The most renowned rat pit was a place down in the seaport called Sportsman's Hall, owned and operated by a sportsman and rat fight impresario named Christopher Keybourn, better known as Kit Burns. Kit Burns was stout and red-faced, portly but muscular. He wore muttonchop whiskers. When he was dressing up, he wore a bright red shirt and suspenders. As more and more immigrants arrived in New York in the mid-nineteenth century, the upper classes tended to look at the working classes as "bestial," as Harper's Weekly put it—with rough hands, rude demeanor, tanned skin, and ragged clothes. People said Kit looked like a rat-fighting dog.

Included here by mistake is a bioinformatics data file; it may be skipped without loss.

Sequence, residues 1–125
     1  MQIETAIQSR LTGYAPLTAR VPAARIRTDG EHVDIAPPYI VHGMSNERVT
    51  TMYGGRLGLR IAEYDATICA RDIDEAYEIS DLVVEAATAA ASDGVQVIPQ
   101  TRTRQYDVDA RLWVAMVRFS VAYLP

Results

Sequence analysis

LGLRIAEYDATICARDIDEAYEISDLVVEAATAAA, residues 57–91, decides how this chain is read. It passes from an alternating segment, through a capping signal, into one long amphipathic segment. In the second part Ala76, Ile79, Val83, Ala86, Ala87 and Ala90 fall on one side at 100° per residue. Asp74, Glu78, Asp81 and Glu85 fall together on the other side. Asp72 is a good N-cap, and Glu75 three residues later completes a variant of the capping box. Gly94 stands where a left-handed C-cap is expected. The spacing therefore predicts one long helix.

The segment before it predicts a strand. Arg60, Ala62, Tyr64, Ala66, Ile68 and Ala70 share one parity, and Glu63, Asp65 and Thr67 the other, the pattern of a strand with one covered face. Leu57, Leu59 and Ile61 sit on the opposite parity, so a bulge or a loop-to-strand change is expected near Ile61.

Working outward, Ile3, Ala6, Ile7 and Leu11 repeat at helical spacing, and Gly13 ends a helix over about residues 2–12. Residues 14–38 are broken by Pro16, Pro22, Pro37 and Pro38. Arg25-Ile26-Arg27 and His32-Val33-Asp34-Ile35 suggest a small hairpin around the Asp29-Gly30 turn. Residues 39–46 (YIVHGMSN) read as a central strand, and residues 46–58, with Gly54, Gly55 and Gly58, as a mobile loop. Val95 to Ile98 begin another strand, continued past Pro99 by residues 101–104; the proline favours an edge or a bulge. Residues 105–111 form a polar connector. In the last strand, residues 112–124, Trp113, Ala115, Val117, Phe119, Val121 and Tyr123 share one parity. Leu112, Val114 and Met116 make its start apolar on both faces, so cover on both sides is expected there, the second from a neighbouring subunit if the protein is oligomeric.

Kit Bums was born in Donegal, Ireland, and he came to New York as. a boy, in a huge wave of Irish immigration—two hundred thousand Irish arrived in New York City around 1830. As a youth, Kit played with the dogs at Yankee Sullivan's Sawdust House, then the most famous dog-fighting parlor in lower Manhattan. Kit opened up Sportsman's Hall in 1840, at 273 Water Street, in a neighborhood described by nonresidents as "a slum of moral putrefaction." Kit's neighbor was a dance hall owned by John Allen, also known as "the wickedest man in New York." As a rat fight impresario, Kit made enough money to bring his parents over from Ireland and then his brother, who became a policeman. Kit made his own alcohol, which he sold in his saloon. He also drank his own alcohol exclusively and considered it a sign of the success of a strict twenty-glass-a-day drinking regimen that, when he fell down a flight of stairs, he was up and about in a matter of days. He was associated with a gang called the Dead Rabbits, a Irish working-class gang that defended the neighborhood from anti-immigrant nativist gangs like the Bowery Boys. Among these men, he was sometimes referred to as a "rodentary magnate."